7.Any tricks or technology that changed your Class II game?

This is so rote and boring, but a rubber dam just makes my life easier and makes me faster.

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Howard S. Glazer, DDS, FAGD, FACD, FICD, FASDA, FAAFS


1. Total etch, selective etch, or self-etch?

I generally use seventh-generation bonding agents or eighth-generation universal agents, which are self-etch for most restorative procedures. That said, whenever I do not think I have sufficient enamel, I selective etch the preparation.

2. What bonding system do you use?

I use several seventh-generation agents, such as Beautibond (Shofu Dental), Bond Force (Tokuyama Dental), iBond SE (Kulzer), and G-Aenial Bond (GC America). For universal agents, I like the Adhese Universal VivaPen (Ivoclar Vivadent), All-Bond Universal (Bisco Dental), and Futurabond U (Voco).

3. What is your flowable composite?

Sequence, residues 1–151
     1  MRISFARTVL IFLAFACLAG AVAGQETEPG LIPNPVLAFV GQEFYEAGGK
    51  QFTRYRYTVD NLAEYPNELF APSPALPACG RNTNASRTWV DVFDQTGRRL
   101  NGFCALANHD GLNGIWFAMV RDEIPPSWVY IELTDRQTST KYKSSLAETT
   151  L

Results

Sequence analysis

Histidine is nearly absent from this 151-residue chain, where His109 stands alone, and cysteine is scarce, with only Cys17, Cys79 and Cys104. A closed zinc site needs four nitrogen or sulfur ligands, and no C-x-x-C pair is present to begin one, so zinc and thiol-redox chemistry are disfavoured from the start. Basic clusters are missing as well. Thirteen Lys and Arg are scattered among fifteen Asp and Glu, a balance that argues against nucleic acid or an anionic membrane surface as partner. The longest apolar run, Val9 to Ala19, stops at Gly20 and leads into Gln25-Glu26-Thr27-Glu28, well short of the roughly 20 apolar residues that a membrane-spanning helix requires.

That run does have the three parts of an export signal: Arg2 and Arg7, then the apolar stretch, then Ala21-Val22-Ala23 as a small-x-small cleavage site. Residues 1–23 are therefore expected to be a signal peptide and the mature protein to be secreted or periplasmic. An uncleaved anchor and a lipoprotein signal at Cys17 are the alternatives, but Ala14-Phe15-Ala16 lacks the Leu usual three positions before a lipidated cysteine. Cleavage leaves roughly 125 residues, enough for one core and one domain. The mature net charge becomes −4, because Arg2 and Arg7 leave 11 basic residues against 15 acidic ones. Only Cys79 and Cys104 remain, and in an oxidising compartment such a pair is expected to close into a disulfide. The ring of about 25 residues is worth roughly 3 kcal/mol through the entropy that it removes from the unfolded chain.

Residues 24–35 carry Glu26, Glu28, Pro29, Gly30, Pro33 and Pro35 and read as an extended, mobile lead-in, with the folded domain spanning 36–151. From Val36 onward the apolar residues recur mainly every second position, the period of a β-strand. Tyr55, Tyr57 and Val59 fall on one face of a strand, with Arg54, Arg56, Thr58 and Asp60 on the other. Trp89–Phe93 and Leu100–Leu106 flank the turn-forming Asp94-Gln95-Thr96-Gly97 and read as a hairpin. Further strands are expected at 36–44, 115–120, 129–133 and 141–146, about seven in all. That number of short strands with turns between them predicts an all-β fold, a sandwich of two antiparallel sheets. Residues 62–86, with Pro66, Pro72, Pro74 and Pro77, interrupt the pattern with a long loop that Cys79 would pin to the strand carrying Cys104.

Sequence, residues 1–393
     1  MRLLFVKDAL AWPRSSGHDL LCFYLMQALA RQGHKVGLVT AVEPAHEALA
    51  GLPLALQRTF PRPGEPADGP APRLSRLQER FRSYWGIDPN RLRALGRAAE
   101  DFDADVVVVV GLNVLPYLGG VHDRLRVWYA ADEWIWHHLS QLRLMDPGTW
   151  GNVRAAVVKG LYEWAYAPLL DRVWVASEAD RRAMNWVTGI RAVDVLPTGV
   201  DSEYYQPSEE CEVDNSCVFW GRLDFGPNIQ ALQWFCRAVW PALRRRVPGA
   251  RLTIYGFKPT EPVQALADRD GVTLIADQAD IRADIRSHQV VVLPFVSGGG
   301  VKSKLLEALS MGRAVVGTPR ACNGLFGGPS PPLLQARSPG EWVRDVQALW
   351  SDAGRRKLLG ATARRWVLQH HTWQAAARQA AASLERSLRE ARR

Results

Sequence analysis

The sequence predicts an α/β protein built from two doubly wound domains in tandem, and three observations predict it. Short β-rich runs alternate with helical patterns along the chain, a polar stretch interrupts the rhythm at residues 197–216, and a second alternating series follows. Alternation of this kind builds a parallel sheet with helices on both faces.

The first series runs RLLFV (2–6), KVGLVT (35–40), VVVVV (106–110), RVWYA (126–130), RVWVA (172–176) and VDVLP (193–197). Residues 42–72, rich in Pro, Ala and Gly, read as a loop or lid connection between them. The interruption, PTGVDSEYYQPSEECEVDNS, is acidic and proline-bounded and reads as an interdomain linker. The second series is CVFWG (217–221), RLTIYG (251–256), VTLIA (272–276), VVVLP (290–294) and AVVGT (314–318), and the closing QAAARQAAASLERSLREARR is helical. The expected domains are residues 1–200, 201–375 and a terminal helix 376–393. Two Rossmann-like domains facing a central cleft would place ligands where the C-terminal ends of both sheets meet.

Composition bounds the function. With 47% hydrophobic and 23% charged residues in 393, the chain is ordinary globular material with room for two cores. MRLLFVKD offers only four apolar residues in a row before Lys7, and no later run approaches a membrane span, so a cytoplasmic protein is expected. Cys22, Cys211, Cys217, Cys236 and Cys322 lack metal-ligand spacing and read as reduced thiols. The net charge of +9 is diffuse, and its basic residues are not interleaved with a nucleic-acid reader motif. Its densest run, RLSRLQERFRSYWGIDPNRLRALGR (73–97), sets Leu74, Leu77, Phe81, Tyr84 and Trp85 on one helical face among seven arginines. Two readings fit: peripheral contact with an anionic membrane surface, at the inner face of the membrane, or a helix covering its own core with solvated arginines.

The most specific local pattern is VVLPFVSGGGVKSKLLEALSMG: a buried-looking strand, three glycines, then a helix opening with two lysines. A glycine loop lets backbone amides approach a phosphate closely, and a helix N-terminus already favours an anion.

There are several that I like and use based on the thixotropy of each: Beautifil Flow Plus F00 and F03 (Shofu Dental), G-Aenial Flow (GC America), Wave HV Flow (SDI), and Admira Fusion Flow (Voco).

4. What is your posterior composite?

I use several different composites in the posterior, and I still layer to adapt the shade to match the natural tooth. Remember, this is the art and science of dentistry, and not every "A2" is the same shade. Packable composites I like include Venus Diamond (Kulzer), Admira Fusion (Voco), Beautifil II (Shofu Dental), Aura Easy (SDI), Estelite Sigma Quick (Tokuyama Dental), G-Aenial Sculpt (GC), and Evanesce Nano-Enhanced Universal (Clinician’s Choice). For bulk fill, I like Tetric EvoCeram (Ivoclar Vivadent).

5. What polishing system do you use?

I regularly use Super-Snap Singles and Super-Snap X-Treme (Shofu Dental) and Jazz Polishers (SS White).

6. What matrix system do you use?

Both the Triodent V3 rings (Ultradent) and Composi-Tight 3D Fusion rings.

7. Any tricks or technology that changed your Class II game?

By far, the instrument that has made a huge difference in how I pack Class II composites is the OptraSculpt Pad kit (Ivoclar Vivadent). The instrument has disposable tips that allow you to pack, sculpt, and contour the composite, and it leaves the surface about 95% finished and polished. One word of advice—make sure you order at least two handles per treatment room. Otherwise, you will have tips to use but the handle will be in the autoclave.